I recently noted that Mayor Mike Bloomberg's office reported 50,111 affordable housing units constructed, with 107,119 units preserved. That ratio suggested that his ambitious plan to finance 160,000 units of affordable housing skewed toward less expensive preservation.
The office did not initially provide borough statistics, such as-the breakdown between preservation and new construction among the 37,643 affordable units in Brooklyn. Thanks to the Department of Housing Preservation and Development, the statistics were 11,384 new units and 26,048 total preserved.
HPD also provided statistics by Community District, which shows that Brooklyn CD 3 (Bed-Stuy), 5 (East New York, and 16 (Brownsville) got the most new units.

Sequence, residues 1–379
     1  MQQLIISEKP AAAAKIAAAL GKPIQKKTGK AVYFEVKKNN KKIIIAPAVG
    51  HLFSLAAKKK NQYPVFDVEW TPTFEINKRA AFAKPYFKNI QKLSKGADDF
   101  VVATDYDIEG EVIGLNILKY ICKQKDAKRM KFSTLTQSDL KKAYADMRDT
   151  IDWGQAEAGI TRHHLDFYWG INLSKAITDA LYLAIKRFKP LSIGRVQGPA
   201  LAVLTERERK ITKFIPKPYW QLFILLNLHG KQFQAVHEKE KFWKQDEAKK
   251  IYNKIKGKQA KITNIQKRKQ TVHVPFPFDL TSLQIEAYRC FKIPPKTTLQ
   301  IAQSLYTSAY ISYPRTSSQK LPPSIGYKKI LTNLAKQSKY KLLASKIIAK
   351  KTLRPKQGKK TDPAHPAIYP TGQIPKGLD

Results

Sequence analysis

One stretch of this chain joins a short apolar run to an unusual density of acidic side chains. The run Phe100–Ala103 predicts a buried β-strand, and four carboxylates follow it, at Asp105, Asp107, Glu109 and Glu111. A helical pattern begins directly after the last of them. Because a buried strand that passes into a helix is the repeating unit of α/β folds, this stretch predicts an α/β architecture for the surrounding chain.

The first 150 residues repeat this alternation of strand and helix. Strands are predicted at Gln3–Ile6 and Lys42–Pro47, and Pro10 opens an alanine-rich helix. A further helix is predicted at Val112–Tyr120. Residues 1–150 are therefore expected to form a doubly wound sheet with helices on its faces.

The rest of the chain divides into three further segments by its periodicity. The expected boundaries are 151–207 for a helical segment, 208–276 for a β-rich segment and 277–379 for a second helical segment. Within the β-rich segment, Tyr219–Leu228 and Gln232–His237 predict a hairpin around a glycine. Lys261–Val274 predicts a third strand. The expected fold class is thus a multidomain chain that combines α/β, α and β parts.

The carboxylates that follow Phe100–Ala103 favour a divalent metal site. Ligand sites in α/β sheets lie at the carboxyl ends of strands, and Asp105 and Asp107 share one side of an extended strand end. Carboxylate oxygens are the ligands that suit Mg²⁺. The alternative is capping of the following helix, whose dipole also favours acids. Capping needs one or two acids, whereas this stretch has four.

|Graphic from City Limits|
Then again, the numbers would have to be contextualized, given that many of the units would be unaffordable to residents currently being priced out and the number of new residents far outpaces the amount of housing produced.
As noted in City Limits, Where the Bloomberg Affordable Housing Went, "Manhattan and the Bronx received greater shares of affordable housing than their share of the city's population, and the other boroughs received less."
Note that CD 2 had 946 new units, CD 6 had 521 new units, and CD 8 had 715 new units started between 7/1/03 and 11/30/13.